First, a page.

Scott Sheftall and Andy Bean
Sheftall talks on the fairway with former Gator golfer Andy Bean.

Sheftall’s extra confidence during the qualifying tournament came both from watching his alma mater Davidson in its spectacular NCAA Basketball Tournament run and from having his wife at his side as his caddie.

“I came to understand what Davidson’s head coach Coach Bob McKillop had been getting at when stressing the importance of translating a dream into a belief, a genuine belief, and not just a wish,” Sheftall said.

“To see his players with mostly mid-major talent buy into his philosophy of competition and take down the powerhouses of college basketball was very inspiring, and it really sort of galvanized in me a vision of higher attainable goals. That, coupled with the fact that my wife Regina caddied for me in the qualifier. She had never seen me play competitive golf before; she had never caddied for anyone. But having someone believe in me and be there to keep me calm and focused so I could overcome leg cramps to play my best — She was the final secret ingredient that made the recipe for success complete. It’s truly amazing what a person with modest talent can suddenly achieve when they truly believe in themselves and have someone else confirm that belief.”

Back in his day job, Sheftall is a board certified trial lawyer for Sheftall and Torres, P.A, which he founded in 1996. The firm practices mostly complex civil litigation, both commercial and personal injury. Sheftall has developed an affinity for legal issues involving children’s healthcare and safety, which is complimented by his extensive community service, mostly on behalf of the Department of Pediatrics at the University of Miami. All of that began 15 years ago when Dr. R. Rodney Howell, also a Davidson alumnus and the Chairman Emeritus of the Department of Pediatrics, tapped Scott as a future leader.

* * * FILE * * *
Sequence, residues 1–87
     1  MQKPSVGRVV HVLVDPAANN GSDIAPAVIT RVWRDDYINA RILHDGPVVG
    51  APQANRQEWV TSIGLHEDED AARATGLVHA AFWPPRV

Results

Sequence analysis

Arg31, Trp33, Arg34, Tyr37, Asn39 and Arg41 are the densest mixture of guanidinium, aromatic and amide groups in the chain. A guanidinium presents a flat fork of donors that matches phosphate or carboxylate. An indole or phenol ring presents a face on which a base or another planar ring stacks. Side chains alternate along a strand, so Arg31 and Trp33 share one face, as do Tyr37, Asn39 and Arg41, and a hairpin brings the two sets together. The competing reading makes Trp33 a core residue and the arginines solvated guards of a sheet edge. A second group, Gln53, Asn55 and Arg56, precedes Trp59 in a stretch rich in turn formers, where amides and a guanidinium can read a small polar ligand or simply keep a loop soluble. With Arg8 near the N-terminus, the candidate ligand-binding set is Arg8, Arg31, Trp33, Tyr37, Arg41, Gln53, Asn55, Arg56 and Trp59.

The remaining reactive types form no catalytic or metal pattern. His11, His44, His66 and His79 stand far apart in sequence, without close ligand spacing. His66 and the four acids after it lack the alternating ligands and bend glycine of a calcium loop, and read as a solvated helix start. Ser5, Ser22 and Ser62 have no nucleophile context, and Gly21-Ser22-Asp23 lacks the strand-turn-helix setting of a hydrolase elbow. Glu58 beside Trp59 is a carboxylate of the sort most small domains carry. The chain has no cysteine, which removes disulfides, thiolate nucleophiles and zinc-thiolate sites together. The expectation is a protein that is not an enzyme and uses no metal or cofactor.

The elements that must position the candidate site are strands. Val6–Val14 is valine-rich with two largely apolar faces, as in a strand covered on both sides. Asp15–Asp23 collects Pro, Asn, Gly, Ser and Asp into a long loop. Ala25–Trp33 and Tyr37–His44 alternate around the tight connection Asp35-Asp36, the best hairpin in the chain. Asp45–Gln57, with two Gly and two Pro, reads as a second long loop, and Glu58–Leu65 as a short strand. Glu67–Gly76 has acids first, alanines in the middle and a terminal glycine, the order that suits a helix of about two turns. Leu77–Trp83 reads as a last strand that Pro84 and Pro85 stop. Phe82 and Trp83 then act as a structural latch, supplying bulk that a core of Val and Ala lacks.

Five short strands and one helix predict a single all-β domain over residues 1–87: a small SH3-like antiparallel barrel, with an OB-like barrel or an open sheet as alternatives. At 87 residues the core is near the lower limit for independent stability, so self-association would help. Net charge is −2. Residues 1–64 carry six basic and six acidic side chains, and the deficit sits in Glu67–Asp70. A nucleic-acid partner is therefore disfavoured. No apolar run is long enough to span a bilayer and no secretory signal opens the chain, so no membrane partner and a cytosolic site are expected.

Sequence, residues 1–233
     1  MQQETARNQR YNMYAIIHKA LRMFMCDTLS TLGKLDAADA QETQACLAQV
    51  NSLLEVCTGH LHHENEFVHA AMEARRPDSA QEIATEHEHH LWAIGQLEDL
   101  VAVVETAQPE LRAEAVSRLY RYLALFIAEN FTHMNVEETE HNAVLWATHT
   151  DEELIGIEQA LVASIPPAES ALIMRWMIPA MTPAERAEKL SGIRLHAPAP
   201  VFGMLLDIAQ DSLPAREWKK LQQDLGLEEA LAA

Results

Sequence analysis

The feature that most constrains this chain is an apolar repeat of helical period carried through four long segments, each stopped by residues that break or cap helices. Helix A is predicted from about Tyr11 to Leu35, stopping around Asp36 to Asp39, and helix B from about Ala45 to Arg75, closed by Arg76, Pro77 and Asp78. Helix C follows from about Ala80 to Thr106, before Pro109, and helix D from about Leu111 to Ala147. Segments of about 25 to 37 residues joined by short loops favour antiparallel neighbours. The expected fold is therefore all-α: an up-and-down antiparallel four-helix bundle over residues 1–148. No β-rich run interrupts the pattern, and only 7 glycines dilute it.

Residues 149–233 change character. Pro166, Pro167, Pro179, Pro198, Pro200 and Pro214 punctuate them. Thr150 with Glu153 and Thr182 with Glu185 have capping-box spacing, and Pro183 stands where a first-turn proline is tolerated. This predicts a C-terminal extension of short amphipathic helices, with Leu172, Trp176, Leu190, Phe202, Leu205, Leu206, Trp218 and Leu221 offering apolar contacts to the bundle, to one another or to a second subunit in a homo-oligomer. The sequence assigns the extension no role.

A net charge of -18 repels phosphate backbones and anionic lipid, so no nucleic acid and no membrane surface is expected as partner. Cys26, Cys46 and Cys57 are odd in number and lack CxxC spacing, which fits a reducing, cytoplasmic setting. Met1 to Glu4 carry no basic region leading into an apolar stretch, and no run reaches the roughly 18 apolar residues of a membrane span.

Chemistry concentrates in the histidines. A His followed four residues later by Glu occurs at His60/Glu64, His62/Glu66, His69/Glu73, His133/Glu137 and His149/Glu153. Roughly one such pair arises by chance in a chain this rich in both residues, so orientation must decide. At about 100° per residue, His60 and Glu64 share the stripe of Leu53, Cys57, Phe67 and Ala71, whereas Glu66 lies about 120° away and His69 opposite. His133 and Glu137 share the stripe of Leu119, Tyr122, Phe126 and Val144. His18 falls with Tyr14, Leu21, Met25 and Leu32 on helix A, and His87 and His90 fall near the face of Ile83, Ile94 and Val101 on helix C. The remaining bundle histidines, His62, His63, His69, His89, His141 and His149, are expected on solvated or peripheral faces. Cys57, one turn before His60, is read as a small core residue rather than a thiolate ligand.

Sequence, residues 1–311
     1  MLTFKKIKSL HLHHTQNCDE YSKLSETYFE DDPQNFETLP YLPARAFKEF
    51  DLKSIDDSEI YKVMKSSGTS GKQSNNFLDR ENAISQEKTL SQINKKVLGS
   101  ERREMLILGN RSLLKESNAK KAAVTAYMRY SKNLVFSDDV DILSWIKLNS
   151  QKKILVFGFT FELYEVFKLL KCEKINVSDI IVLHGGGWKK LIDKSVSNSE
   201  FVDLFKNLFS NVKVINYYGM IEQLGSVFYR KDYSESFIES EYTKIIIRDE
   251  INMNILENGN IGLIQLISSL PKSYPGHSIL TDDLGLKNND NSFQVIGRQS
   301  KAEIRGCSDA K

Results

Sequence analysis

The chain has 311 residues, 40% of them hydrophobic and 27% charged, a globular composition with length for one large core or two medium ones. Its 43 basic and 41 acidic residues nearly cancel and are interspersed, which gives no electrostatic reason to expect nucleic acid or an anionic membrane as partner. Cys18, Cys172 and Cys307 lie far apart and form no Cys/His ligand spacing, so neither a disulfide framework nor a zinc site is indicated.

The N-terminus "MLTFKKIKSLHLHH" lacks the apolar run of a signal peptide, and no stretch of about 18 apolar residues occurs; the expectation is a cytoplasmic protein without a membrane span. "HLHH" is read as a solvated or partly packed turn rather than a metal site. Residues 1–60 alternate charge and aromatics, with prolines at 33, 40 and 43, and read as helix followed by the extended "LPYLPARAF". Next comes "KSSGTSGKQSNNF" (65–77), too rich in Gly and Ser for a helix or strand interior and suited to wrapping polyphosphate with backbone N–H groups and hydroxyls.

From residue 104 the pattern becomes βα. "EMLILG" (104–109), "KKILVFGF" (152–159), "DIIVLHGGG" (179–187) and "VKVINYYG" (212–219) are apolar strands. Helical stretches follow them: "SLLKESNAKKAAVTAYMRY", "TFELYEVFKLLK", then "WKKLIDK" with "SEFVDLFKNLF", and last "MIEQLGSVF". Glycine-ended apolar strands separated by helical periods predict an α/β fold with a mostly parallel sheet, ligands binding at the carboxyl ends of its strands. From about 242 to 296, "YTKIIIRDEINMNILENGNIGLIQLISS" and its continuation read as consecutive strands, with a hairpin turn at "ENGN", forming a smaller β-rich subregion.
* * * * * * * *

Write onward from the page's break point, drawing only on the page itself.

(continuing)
In that time, Sheftall has served as a member of the Children’s Council, has chaired important fund-raising projects, has contributed substantial funds for the creation of special facilities at the Batchelor Children’s Institute, and has helped to launch the first-ever patient safety program at the Miller School of Medicine. For his service, the University of Miami’s president welcomed him as a member of The Ibis Society.